Guinea demands former ministers repay mines cash

CONAKRY, (Reuters) – Guinea’s military junta has  demanded that four former mines ministers repay more than $5  million it says they embezzled from the state, according to a  senior official.

The televised accusations came less than a month after  security forces detained the former president’s son, who later  publicly confessed to involvement in drug smuggling.

At the time, human rights campaigners expressed concern at  the methods employed by the West African state’s rulers, who  took power in December after the death of long-serving President  Lansana Conte. The junta’s audit committee said in a interrogation of the  former mines ministers broadcast on state television on Saturday  night that Ahmed Tidiane Souare, Ousmane Sylla, Ahmed Kante and  Louceny Nabe owe around $5.3 million in total.

It claimed almost half of this amount from Souare, who  served as mines minister between 2005 and 2006 but was Prime  Minister when Capt. Moussa Dadis Camara’s group seized power.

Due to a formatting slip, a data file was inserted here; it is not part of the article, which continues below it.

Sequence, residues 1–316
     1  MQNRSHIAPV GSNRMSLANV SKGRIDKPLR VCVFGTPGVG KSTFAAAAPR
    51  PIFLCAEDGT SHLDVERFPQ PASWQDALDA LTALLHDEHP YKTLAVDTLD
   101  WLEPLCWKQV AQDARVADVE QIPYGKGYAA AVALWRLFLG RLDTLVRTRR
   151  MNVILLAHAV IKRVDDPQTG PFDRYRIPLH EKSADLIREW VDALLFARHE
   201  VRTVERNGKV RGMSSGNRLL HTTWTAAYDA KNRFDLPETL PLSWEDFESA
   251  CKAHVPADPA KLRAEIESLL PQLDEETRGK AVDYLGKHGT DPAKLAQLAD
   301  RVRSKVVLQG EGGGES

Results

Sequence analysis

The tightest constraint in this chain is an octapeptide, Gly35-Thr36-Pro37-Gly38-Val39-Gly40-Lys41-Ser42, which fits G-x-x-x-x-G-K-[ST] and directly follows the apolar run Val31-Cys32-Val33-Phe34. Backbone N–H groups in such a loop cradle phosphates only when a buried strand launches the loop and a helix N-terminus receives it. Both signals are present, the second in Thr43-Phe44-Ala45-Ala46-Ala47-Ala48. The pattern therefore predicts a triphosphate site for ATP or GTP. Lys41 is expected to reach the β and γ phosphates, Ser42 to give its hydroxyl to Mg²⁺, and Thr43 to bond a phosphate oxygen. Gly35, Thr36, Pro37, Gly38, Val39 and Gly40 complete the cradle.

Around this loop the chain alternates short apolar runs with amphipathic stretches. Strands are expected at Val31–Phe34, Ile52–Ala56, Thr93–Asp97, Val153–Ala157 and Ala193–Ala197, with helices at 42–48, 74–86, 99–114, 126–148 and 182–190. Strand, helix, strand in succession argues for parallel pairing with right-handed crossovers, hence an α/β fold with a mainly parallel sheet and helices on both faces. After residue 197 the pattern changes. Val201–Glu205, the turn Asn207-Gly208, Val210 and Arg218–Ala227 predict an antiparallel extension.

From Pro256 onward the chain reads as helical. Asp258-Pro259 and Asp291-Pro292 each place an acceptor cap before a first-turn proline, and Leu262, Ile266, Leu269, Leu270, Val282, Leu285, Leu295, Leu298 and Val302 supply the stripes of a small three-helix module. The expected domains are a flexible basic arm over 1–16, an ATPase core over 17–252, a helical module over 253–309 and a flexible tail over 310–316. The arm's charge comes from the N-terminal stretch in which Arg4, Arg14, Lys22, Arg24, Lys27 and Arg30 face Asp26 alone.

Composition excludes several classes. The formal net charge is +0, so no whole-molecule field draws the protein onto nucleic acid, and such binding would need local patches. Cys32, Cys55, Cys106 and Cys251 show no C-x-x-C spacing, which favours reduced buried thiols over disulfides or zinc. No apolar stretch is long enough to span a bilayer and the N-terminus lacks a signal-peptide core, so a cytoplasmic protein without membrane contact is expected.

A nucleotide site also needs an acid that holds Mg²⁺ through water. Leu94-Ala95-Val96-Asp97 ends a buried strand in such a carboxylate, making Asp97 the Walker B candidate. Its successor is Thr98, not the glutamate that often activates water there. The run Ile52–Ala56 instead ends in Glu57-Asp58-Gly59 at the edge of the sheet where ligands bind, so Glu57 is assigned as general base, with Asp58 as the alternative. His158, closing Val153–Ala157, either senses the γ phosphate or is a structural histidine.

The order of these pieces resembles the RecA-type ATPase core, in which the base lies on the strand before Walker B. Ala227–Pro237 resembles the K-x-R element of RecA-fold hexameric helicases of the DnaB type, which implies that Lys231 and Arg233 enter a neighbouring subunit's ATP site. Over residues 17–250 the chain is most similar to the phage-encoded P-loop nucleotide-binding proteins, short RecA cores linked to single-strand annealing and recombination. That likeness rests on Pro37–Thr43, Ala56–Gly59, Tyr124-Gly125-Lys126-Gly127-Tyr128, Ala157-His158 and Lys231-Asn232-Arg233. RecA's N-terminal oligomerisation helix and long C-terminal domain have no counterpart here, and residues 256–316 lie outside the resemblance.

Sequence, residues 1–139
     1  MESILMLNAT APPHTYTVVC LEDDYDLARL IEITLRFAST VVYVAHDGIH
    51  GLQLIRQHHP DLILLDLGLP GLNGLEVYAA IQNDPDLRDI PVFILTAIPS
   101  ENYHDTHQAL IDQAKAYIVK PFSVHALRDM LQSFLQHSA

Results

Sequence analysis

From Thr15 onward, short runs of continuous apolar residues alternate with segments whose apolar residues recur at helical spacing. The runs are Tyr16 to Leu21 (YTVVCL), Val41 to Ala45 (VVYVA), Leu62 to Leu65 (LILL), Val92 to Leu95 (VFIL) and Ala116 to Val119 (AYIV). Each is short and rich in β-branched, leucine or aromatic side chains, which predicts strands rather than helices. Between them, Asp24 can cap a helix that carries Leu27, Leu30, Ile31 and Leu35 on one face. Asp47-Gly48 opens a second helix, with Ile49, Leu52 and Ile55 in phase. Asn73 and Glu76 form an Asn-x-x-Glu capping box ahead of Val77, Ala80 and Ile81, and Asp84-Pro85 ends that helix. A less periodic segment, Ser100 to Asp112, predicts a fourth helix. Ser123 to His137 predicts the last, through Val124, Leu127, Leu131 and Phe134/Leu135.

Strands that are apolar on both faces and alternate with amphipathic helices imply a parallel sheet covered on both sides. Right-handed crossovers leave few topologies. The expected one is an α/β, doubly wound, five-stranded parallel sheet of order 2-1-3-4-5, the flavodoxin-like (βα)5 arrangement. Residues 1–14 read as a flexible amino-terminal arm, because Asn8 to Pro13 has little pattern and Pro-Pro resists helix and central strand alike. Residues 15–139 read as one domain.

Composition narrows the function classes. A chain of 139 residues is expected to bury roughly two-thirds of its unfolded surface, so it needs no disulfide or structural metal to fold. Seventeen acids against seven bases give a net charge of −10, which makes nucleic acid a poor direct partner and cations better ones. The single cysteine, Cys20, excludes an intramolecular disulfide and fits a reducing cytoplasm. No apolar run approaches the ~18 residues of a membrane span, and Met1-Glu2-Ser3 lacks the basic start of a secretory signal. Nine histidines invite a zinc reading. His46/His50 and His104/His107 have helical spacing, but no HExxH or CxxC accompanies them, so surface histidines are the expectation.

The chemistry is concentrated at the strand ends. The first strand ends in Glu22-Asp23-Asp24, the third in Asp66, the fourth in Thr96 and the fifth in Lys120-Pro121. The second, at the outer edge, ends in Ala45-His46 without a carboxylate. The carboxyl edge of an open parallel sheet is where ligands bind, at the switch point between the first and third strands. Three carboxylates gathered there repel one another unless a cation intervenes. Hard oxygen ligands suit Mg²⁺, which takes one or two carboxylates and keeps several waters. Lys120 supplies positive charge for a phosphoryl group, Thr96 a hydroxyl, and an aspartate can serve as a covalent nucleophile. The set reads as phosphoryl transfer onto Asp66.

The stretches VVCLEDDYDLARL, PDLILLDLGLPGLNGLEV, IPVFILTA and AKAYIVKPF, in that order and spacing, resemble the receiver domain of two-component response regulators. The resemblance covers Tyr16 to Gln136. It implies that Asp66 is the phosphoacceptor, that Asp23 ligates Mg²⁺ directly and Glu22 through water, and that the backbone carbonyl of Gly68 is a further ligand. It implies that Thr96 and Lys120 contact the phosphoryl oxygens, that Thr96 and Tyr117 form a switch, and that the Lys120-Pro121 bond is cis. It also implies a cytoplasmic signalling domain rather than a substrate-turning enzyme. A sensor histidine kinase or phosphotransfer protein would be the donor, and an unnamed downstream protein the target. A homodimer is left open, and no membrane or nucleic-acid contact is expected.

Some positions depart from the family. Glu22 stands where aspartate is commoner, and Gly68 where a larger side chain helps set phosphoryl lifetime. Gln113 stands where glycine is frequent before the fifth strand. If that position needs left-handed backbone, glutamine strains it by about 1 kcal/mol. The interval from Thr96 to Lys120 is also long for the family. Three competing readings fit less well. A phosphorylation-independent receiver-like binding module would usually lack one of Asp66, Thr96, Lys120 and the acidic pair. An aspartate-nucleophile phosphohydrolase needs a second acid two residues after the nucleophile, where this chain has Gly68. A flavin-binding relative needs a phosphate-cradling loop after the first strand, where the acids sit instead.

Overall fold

“These funds were intended for the promotion and development  of mining, and they were totally misappropriated,” said Mouctar  Balde, vice-president of the committee. “They (the ministers) have given us explanations but mostly,  they have not convinced us,” he said.

The ex-ministers made no comment in the broadcast, but  Souare, speaking on state radio on Sunday, said the money,  supposedly earmarked for developing the sector was used to pay  for the running of the mines ministry when central funding was  insufficient.

“The inspectors are right, according to the documents, the  mining fund was misappropriated … but in reality, there was no  mining fund,” he said.

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